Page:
Named after Liverpool winger Steve Heighway, Stephen O'Neill duly caught the football bug early in life. Later on, he planned to earn a degree in Electrical Engineering and start a business with his dad. The pair received a lift to Hillsborough and were among a group of five that included Stephen's uncle David Hawley, who also lost his life in the disaster.
Stephen's mother, Patricia O'Neill, said: "Friends and relatives alike knew Stephen to be a great lad, always smiling, happy, carefree, considerate and kind."
Our lovely son, Stephen Francis O'Neill, was born on July 16, 1971 at 6.30am. It was a Friday, one of the best days of our lives.
He was the apple of our eyes. He was born in the Isle of Man, where me and my husband Kevin lived at the time. We were so proud to have our first born, a son.
My husband was an avid Liverpool fan, as indeed were half of his family. Kevin had seven siblings. Half of them supported Everton and the other half supported Liverpool.
When we had a boy, Kevin asked me if we could call him Stephen, after Stevie Heighway, the Liverpool winger. From the beginning, football played an important part in Stephen's life. Even on his pram we had a little pair of football boots, rather than a teddy.
Both of us wanted and planned to have many children but, alas, this was not meant to be, so we felt so blessed when we had our beautiful daughter, Lisa, five years after having Stephen. We wanted more children and I was having fertility treatment when Stephen was so cruelly taken from us.
Stephen was by nature a good child. He was one of those children who soaked up information, wanting to know how everything worked, and he loved school. He rarely missed a day and one year he had no sickness at all so his teacher gave him a Mars Bar.
He was very protective of his younger sister, Lisa, and his smaller cousins. He was hardly ever disobedient, although I can recall one incident. I wasn't in the room at the time with them, and him and Lisa were messing about and he accidentally knocked a plate off the dresser and broke it.
Stephen moved to avoid it and accidentally stood on Lisa's finger, cutting it. We had to go to the hospital, but Stephen was so upset that Lisa was in pain and that he'd broken a plate.
When the children were growing up, my husband Kevin worked away during the week. He was a cable jointer, installing optical fibres up and down the country.
Kevin would tell Stephen to look after his mum and sister while he was away and Stephen took this responsibility very seriously and always tried to be good. But, like I said, he was a good child anyway.
He attended church each Sunday, where he enjoyed being an usher. Stephen used to mind his little cousin Leanne Hawley when she was a baby. When they went to church, Stephen would be at the back with the other children pulling faces and making Leanne laugh. He loved children and he was really good with his cousins.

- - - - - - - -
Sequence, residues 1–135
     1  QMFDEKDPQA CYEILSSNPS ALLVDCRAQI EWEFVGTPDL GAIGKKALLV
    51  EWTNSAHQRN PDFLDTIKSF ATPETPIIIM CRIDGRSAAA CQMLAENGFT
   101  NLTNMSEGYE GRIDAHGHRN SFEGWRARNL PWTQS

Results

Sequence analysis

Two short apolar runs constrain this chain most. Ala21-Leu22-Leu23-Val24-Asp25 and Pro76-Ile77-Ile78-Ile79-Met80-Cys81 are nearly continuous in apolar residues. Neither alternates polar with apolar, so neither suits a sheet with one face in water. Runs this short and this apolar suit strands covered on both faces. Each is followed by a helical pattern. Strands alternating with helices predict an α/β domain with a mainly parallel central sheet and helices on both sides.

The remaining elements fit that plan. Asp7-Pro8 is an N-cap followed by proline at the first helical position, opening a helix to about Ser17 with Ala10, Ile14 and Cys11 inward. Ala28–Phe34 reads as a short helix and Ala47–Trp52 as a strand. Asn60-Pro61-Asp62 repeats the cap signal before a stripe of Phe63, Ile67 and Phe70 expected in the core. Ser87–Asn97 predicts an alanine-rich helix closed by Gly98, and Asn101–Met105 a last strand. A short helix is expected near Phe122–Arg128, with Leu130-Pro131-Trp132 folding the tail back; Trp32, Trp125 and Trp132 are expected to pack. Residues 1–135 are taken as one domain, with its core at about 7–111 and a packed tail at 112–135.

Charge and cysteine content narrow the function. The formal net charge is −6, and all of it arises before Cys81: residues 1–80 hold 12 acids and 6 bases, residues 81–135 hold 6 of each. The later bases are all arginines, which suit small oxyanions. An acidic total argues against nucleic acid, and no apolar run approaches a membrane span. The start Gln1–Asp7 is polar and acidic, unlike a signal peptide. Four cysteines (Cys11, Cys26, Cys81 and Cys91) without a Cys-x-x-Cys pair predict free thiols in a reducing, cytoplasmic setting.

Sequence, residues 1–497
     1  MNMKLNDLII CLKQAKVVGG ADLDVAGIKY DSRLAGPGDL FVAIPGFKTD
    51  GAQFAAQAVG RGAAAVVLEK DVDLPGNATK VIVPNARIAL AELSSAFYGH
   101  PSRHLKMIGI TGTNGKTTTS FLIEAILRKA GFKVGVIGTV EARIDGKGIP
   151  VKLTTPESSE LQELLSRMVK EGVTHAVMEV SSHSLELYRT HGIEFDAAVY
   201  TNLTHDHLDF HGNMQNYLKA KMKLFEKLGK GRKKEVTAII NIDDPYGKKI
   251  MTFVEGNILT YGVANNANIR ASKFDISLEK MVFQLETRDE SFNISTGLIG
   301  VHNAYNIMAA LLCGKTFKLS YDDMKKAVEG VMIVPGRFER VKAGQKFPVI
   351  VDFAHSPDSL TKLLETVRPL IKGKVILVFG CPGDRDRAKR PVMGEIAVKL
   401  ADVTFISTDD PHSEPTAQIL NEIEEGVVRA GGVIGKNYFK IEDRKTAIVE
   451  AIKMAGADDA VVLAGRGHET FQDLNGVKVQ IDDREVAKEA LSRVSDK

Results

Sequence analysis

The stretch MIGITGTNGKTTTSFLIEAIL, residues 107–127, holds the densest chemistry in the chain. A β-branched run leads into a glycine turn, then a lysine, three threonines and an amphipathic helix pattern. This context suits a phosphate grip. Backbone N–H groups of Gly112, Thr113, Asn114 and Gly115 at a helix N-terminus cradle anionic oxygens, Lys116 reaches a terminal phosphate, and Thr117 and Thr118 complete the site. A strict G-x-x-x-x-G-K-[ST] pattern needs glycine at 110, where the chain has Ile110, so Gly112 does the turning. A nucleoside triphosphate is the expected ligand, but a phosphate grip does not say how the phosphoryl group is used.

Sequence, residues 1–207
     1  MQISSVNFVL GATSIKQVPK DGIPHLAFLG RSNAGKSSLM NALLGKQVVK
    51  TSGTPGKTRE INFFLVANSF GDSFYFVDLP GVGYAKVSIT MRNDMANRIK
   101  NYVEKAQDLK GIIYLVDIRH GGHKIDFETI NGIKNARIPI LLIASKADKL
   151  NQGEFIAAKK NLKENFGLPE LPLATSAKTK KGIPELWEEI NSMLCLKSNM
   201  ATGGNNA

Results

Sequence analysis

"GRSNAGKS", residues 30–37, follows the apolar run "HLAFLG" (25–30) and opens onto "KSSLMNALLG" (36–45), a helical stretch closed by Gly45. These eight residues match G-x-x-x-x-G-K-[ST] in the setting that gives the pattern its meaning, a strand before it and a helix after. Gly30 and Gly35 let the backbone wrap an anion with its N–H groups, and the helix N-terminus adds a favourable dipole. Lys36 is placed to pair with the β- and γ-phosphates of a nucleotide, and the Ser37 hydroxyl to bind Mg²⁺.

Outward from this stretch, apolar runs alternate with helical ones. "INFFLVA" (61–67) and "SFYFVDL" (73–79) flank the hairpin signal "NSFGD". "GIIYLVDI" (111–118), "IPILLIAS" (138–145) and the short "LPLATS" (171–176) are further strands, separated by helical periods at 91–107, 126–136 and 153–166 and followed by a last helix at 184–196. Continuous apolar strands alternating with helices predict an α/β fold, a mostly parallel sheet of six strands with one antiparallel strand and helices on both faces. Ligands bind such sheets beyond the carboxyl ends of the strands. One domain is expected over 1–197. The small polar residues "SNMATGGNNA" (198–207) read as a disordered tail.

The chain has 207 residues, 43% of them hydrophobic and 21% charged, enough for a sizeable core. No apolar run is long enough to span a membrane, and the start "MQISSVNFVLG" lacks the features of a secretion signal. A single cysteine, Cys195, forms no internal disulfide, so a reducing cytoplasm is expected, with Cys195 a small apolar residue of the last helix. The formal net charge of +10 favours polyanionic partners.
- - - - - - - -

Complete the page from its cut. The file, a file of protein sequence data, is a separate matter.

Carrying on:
Stephen wanted to earn some money so he decided he would get a job as a paper delivery boy. This meant he had to be up early at 5am every morning, but he never complained about that job.
Ironically, on the Thursday before he died, while he was at church the pastor asked everyone to close their eyes and anyone who wanted to make peace with God should raise their hands. Stephen's friend opened his eyes while we were praying and said the only person with their hand up in the church was Stephen.
He was 17 years old and studying at college for his O-levels in Maths and Physics and other subjects, but these two were his favourites. His ambition was to work with his dad in their own business, O'Neill and Son.
This would have been after he graduated from university with a degree in Electrical Engineering. Stephen and his dad used to talk about their plans for the future a lot.
He loved football and all sports. He particularly loved the Tour de France. He had a racing bike and he loved nothing better than going out on his bike after school and early on a Sunday before church.
He passed his driving test the first time, a few months after his 17th birthday. From when he was a little boy, he would watch his dad strip and repair the car. Stephen's mind was very technical and he would have excelled in his chosen career. We were, and still are, very proud of him.
The morning of April 15, Stephen had given his little sister Lisa £20. This was to buy herself a birthday present. Lisa had been pestering him because she wanted to get her first pair of jeans, but ironically he would not be there to share her birthday as she became a teenager or to see what she had bought with his money.
Friends and relatives alike knew Stephen to be a great lad, always smiling, happy, carefree, considerate and kind. He had never been in trouble in his life.
His friends from college later told us that he had been so excited to have a ticket for the semi-final. He had never been to a semi-final to watch his beloved Liverpool.
He was so pleased to be going to the match with his dad, his uncle Dave, family and friends. We'd gone to Wembley when Stephen was nine years old and we had such lovely memories of that day.
On April 15, 1989, both Stephen and his dad waited in our living room for their lift to Sheffield. When their lift arrived, they joined Stephen's uncle, Dave Hawley, Stephen's cousin and a family friend.
All five drove away as I waved them goodbye. Both Stephen and his uncle Dave had tickets for the Leppings Lane End and the other three had tickets for the West Stand.
The last words I said to Stephen were, 'have you got your ticket, your house keys and your money?' and 'I'll see you later'. He smiled and walked to the car. That is the last time I saw him. Five left the house that day and only three returned. What a waste of a lovely life.
On his headstone it reads, 'life holds many blessings, our Lord bestows them all, to have had you as a son, Stephen, was the greatest of them all'.
Rest in Peace